Search results for 'James David Velleman' (try it on Scholar)

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  1.  10
    J. David Velleman (2004). Willing the Law J. David Velleman. In Peter Baumann & Monika Betzler (eds.), Practical Conflicts: New Philosophical Essays. Cambridge 27.
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  2.  64
    James David Velleman (2005). Self to Self: Selected Essays. Cambridge University Press.
    Self to Self brings together essays on personal identity, autonomy, and moral emotions by the distinguished philosopher J. David Velleman. Although each of the essays was written as an independent piece, they are unified by an overarching thesis, that there is no single entity denoted by 'the self', as well as by themes from Kantian ethics, psychoanalytic theory, social psychology, and Velleman's work in the philosophy of action. Two of the essays were selected by the editors of (...)
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  3. James David Velleman (2001). The Genesis of Shame. Philosophy and Public Affairs 30 (1):27–52.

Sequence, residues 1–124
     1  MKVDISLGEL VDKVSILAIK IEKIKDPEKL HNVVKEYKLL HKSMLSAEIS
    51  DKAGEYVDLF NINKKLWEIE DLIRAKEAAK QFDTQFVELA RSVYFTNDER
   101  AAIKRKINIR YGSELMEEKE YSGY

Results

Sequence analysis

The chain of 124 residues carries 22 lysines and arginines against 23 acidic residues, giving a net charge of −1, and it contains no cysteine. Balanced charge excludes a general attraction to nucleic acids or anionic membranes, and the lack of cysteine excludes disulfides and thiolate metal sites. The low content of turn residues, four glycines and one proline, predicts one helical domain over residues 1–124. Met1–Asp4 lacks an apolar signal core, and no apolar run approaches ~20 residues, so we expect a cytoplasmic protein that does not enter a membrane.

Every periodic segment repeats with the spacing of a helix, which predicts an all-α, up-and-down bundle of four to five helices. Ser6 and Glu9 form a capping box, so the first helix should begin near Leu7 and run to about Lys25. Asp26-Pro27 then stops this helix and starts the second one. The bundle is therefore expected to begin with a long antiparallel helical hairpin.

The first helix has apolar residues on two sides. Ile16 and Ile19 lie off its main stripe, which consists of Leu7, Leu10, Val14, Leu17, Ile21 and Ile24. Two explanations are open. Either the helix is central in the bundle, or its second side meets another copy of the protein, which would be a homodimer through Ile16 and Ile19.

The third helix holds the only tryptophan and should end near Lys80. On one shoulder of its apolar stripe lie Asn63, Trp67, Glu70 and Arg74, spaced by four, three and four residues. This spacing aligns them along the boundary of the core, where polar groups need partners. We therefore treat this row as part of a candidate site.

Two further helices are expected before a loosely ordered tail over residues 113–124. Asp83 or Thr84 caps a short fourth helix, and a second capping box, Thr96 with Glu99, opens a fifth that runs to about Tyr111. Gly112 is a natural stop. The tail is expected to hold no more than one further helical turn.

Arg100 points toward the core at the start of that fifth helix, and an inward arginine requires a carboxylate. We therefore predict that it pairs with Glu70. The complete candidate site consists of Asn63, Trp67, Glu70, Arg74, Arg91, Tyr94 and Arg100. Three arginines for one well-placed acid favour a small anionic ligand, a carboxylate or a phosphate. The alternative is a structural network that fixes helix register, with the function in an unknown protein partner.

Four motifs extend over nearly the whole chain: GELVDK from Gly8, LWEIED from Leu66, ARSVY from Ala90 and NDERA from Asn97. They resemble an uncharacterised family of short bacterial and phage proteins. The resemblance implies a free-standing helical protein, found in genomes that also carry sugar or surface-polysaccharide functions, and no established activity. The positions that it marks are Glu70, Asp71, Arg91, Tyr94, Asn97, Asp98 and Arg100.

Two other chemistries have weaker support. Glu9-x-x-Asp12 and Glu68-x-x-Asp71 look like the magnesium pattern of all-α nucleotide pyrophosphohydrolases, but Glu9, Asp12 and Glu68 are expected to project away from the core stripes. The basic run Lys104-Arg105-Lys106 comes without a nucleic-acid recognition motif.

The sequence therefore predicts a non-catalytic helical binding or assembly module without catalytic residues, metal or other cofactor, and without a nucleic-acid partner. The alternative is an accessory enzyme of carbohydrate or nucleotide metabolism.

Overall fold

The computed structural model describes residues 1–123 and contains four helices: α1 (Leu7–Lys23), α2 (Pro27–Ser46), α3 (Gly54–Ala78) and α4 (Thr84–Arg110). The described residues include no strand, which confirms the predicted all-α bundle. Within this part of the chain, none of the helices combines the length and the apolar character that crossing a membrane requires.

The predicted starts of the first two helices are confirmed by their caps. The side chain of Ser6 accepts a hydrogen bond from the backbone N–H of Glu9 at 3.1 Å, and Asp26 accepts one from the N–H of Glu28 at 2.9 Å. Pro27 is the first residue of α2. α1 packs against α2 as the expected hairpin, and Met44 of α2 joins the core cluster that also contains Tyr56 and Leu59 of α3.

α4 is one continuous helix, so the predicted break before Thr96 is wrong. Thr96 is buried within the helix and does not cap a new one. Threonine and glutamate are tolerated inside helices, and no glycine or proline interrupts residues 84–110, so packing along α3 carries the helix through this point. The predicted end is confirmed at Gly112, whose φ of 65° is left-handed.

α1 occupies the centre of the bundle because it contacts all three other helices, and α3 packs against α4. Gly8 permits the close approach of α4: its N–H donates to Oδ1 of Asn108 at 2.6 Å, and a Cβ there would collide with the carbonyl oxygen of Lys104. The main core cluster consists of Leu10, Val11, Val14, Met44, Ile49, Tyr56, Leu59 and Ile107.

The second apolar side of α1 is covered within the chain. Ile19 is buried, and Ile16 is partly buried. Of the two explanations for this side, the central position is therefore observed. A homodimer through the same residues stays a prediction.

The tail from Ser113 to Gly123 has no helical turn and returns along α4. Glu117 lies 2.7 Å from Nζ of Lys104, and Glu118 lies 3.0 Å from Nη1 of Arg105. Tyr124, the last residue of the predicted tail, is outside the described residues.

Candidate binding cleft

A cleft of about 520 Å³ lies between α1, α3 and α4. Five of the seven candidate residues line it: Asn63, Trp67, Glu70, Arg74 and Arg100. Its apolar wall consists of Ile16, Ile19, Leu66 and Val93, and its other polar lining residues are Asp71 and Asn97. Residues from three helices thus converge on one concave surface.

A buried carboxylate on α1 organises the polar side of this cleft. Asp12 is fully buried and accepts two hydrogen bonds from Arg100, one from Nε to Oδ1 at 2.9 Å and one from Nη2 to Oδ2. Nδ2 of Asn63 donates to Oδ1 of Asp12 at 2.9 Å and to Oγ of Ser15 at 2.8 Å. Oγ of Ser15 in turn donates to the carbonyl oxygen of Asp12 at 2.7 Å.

4. David Barnard, Celia Berdes, James L. Bernat, Linda Emanuel, Robert Fogerty, Linda Ganzini, Elizabeth R. Goy, David J. Mayo, John Paris, Michael D. Schreiber, J. David Velleman & Mark R. Wicclair (2005). Death in the Clinic. Rowman & Littlefield Publishers.
    Death in the Clinic fills a gap in contemporary medical education by explicitly addressing the concrete clinical realities about death with which practitioners, patients, and their families continue to wrestle. Visit our website for sample chapters!
     
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  5. J. David Velleman (2013). Foundations for Moral Relativism. OpenBook Publishers.
    In Foundations for Moral Relativism, J. David Velleman shows that different communities can indeed be subject to incompatible moralities, because their local mores are rationally binding. At the same time, he explains why the mores of different communities, even when incompatible, are still variations on the same moral themes. The book thus maps out a universe of many moral worlds without, as Velleman puts it, "moral black holes”. The five self-standing chapters discuss such diverse topics as online (...)